In order to dissect receptor subtypes that significantly modify cataplexy, more than 200 compounds with various pharmacological properties (cholinergic, adrenergic, dopaminergic, serotonergic, prostaglandins, opioids, benzodiazepines, GABA-ergics and adenosinergics) have also been studied in the narcoleptic canine model (see1 for details). Although many compounds (such as M2 antagonists, alpha-1 agonists, alpha-2 antagonists, dopaminergic D2/D3antagonists, 5HT1a agonists, TRH analogs, prostaglandin E2, and L type Ca2+ channel blockers reduce cataplexy), very few compounds significantly aggravate cataplexy 1. Since cataplexy can be easily and non-specifically reduced such as by unpleasant drug side effects, we assume the cataplexy-aggravating effects are more specific. Stimulation of muscarinic M2 (non-M1) receptors significantly aggravates cataplexy. Among the monoaminergic receptors, stimulation of the postsynaptic adrenergic alpha-1b receptors46 and presynaptic alpha-2 receptors47 was also found to aggravate cataplexy, a result consistent with a primary adrenergic control of cataplexy. We also found that small doses of DA D2/D3 agonists significantly aggravated cataplexy and induced significant behavioral sedation/drowsy state in these animals.48,49 These pharmacological findings parallel neurochemical abnormalities previously reported in canine narcolepsy, namely significant increases in alpha-2 receptors in the LC,50 D2 receptors in the amygdala, nucleus accumbens51 and M2 receptors in the pons.52 To date, no other receptor ligands (i.e., adenosinergic, histaminergic or GABA-ergic) have been found to aggravate cataplexy, but thalidomide (an old hypnotic with an immunomodulatory property) significantly aggravates cataplexy, but the mechanisms involved in this effect are not known.53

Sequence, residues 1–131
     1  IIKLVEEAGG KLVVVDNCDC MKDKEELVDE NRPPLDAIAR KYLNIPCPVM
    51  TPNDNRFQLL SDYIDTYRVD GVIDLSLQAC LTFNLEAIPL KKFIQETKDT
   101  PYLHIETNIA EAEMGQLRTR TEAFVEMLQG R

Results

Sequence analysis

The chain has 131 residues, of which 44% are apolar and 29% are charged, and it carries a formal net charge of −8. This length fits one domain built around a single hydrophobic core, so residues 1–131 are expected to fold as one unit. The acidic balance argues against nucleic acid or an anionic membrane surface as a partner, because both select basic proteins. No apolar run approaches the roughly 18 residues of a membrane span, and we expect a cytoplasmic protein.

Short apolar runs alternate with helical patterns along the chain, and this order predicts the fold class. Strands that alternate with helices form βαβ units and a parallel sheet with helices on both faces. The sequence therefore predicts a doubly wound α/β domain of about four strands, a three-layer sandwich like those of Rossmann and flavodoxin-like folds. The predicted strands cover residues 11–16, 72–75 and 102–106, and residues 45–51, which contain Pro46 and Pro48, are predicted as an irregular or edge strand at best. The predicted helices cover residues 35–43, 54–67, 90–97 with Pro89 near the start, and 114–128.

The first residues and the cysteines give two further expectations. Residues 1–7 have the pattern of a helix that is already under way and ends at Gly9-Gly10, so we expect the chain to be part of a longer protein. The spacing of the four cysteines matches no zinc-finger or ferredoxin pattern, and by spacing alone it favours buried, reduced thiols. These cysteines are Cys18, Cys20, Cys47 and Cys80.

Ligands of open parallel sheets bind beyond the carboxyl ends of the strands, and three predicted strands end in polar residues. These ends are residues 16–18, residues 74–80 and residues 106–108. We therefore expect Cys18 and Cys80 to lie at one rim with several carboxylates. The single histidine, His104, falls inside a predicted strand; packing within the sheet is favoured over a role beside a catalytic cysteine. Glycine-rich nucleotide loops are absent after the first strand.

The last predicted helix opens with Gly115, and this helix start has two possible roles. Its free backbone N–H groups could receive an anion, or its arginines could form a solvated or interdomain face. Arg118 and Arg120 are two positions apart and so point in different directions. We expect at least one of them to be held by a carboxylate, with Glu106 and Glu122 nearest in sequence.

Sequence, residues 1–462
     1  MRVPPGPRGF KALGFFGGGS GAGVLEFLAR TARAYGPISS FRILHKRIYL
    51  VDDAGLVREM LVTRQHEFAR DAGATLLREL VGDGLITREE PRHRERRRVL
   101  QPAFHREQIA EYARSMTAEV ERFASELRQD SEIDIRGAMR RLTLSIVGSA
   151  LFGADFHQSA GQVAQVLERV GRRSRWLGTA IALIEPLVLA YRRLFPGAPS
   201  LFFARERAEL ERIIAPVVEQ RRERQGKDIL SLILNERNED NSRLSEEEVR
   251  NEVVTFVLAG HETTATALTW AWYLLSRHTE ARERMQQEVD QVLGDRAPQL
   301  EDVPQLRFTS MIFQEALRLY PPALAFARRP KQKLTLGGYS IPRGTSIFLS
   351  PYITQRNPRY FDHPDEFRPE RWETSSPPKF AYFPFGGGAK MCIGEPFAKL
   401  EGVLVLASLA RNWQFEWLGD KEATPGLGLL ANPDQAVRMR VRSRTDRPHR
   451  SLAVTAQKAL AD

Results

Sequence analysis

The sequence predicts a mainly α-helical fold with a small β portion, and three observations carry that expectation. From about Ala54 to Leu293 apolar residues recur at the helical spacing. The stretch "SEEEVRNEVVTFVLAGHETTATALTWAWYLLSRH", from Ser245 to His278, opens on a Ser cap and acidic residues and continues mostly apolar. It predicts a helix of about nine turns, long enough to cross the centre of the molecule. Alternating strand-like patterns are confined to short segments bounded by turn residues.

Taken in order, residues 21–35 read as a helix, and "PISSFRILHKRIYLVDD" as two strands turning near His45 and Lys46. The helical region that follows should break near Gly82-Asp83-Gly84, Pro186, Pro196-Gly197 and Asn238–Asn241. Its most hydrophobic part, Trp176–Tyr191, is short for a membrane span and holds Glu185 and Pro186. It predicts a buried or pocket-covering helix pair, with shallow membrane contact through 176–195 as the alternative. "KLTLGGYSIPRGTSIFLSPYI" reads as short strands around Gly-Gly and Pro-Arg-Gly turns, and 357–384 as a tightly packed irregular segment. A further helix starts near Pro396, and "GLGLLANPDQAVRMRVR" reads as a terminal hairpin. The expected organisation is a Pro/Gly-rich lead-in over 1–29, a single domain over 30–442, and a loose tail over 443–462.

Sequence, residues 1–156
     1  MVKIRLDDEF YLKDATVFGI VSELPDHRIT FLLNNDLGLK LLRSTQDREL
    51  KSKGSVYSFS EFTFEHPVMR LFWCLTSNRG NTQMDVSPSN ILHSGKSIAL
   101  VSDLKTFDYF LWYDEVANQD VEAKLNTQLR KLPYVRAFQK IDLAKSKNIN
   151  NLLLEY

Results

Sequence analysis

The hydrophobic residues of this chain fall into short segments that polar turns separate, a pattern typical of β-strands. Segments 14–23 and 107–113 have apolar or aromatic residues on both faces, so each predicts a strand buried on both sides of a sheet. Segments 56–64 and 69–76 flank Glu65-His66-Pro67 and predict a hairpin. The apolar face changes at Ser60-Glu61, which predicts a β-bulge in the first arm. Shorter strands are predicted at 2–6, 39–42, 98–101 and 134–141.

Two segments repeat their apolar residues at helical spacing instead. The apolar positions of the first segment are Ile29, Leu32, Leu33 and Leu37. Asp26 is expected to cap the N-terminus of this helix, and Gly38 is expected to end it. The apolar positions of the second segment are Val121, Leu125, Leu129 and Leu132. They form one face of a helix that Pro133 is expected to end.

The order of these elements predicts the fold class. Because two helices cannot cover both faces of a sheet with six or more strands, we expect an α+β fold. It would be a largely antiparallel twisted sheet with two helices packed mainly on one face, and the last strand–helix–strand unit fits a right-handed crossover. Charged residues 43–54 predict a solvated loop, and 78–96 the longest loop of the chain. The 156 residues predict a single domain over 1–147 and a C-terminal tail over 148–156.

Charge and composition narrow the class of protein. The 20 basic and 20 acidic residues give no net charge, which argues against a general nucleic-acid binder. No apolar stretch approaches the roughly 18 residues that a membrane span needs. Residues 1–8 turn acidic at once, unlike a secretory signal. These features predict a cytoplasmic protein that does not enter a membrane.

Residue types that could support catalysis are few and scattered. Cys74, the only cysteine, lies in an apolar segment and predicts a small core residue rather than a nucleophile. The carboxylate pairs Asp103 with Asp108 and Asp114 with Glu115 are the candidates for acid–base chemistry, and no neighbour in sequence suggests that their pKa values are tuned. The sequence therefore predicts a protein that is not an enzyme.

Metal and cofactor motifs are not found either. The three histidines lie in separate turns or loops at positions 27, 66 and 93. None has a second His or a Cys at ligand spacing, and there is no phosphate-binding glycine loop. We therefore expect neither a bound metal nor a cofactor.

The sites of action of D2/D3 agonists were also investigated by local drug perfusion experiments, and a series of experiments identified acting sites for these compounds. These include dopaminergic nuclei or cell groups, such as the VTA,49 SN54 and A1155 (a diencephalic DA cell group that directly project to the spinal ventral horn), suggesting a direct involvement of DA cell groups and DA cell body autoreceptors for the regulation of cataplexy. The cataplexy-inducing effects of D2/D3agonists are, however, difficult to reconcile considering the fact that dopaminergic uptake blockers have absolutely no effect on cataplexy.39 We believe that D2/D3 receptor mechanisms are more specifically involved in the control of sleep-related motor tonus (i.e., cataplexy or muscle atonia without phasic REM events) than those for active REM sleep. A recent finding in canine narcolepsy that sulpiride (a D2/D3 antagonist) significantly suppresses cataplexy but has no effect on REM sleep, also supports this notion.31 It should be also noted that D2/3 agonists are clinically used for the treatment of human periodic leg movements during sleep (PLMS).56 Involuntary leg movements during sleep are often associated with restless leg syndrome (RLS) and disturbed nighttime sleep. As reported in human,57 narcoleptic Dobermans often exhibit PLMS-like movements.58 It thus appears that there is an overlap in pathophysiological mechanisms between between cataplexy and PLMS, and dopaminergic system (i.e., D2/D3 receptor mechanisms) may be specifically involved both symptoms.